Throughout history, a countless number of historical figures have had their lives overshadowed by the myths and legends that surround them to the extent that their legacy comes to define them. In French history, this is truer of Marie Antoinette than just about everyone else. Nearly 220 years after she was put to the guillotine, Marie Antoinette is more famous than ever, fairly or unfairly coming to epitomize royalty and everything that was wrong with it.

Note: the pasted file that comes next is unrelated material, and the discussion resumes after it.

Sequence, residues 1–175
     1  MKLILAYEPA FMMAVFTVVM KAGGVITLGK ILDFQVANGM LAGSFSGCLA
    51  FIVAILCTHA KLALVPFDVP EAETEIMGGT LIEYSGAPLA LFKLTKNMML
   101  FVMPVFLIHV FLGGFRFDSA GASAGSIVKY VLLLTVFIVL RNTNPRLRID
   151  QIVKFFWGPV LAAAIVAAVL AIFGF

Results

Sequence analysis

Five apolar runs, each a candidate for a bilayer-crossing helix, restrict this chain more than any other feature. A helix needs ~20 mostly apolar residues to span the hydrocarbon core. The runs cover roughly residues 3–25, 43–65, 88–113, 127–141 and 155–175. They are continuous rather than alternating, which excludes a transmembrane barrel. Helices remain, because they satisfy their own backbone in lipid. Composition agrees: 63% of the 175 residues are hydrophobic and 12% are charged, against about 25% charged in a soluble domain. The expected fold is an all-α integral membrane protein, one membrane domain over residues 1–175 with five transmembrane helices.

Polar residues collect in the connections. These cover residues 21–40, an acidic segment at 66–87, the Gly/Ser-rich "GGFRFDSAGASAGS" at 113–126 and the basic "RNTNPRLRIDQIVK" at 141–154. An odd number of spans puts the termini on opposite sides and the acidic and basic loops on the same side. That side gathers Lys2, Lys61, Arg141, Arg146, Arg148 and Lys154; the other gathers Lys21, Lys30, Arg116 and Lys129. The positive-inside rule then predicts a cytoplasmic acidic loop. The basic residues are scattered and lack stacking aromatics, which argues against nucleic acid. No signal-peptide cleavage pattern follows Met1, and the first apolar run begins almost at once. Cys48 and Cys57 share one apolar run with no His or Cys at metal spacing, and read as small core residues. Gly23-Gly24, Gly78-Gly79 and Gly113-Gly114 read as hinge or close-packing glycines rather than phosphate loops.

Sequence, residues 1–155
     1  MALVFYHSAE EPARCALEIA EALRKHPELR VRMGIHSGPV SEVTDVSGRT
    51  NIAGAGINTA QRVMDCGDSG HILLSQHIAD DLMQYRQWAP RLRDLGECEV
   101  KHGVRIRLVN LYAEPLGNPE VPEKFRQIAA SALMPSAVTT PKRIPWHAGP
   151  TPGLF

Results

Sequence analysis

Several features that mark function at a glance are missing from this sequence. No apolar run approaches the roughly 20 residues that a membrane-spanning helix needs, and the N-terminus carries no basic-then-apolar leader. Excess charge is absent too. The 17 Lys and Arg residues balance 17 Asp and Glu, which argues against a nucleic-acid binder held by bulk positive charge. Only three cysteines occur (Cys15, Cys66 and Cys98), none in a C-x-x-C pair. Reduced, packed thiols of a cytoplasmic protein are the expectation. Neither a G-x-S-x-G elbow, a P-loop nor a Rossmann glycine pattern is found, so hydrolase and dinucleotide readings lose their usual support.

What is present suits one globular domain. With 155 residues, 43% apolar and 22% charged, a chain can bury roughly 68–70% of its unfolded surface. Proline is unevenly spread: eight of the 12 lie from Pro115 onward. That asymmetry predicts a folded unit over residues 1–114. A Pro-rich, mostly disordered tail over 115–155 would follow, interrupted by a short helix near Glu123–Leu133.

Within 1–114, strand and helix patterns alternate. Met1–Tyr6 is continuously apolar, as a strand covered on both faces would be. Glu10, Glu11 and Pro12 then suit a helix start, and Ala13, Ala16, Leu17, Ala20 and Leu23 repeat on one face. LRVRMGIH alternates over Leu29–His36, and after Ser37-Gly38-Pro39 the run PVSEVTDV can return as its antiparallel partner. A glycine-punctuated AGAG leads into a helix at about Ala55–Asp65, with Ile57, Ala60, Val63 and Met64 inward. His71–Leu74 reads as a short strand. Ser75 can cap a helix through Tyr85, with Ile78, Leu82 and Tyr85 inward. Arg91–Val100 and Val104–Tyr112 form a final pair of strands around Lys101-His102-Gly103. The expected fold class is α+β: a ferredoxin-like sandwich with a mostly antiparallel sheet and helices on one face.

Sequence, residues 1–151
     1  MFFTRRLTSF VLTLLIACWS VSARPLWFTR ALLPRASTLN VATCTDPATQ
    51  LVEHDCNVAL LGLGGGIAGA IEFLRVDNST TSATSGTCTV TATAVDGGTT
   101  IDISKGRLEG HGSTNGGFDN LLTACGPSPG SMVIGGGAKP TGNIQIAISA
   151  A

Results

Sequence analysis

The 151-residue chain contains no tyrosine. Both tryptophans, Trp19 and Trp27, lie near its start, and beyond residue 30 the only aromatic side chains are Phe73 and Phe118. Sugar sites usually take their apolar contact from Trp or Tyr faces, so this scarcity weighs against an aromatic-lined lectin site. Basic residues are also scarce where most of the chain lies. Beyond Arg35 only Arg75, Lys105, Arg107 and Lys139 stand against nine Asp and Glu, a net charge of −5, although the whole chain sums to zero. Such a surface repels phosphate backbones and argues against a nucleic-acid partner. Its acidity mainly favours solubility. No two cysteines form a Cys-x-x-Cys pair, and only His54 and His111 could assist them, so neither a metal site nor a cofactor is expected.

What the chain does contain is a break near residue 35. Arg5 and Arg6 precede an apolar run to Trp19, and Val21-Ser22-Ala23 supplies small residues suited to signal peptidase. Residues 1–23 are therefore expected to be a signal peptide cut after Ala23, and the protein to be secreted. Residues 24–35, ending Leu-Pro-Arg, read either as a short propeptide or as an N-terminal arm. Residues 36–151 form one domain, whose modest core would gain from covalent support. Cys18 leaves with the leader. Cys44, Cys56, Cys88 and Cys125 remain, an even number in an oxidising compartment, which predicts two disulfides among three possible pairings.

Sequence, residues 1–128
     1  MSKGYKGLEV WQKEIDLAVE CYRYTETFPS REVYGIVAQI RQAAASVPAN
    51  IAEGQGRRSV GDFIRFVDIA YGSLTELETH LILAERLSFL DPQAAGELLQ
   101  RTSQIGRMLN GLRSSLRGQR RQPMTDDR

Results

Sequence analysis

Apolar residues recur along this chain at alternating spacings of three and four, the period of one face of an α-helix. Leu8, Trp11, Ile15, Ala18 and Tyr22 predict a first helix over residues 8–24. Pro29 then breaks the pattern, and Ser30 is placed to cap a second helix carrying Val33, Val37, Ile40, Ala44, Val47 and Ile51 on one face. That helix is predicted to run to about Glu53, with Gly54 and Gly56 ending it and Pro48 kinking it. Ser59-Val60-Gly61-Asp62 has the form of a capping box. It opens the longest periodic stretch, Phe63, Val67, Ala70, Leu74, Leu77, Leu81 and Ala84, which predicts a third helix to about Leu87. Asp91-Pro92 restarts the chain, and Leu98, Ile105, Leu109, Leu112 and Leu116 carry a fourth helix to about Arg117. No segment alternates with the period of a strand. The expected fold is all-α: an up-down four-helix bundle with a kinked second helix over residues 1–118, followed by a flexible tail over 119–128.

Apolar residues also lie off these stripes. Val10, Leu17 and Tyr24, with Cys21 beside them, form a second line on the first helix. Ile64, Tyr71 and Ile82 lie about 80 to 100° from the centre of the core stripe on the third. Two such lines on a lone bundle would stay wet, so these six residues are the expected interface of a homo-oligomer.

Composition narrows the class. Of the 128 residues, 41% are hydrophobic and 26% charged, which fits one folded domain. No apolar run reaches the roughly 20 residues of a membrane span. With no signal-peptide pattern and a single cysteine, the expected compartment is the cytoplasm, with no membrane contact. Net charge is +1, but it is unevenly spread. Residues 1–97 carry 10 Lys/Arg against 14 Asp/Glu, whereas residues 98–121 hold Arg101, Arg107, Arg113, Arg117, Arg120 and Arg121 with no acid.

As the youngest daughter of the Holy Roman Emperor, 14-year-old Marie's marriage to the eventual Louis XVI made her Dauphine, and it initially seemed like a good fit. The charming and beautiful young girl pleased the French, but she had the misfortune of being queen at a time when the French were beginning to sour on their royalty and aristocratic classes. On top of that, France's participation in the American Revolution had left the nation broke, which only angered those who watched the King and Queen spend millions of livres for their own comfort at the expense of the state. Though Marie Antoinette was hardly the only French royal who liked to live lavishly, the French were particularly scornful of her, possibly due to her Austrian ancestry.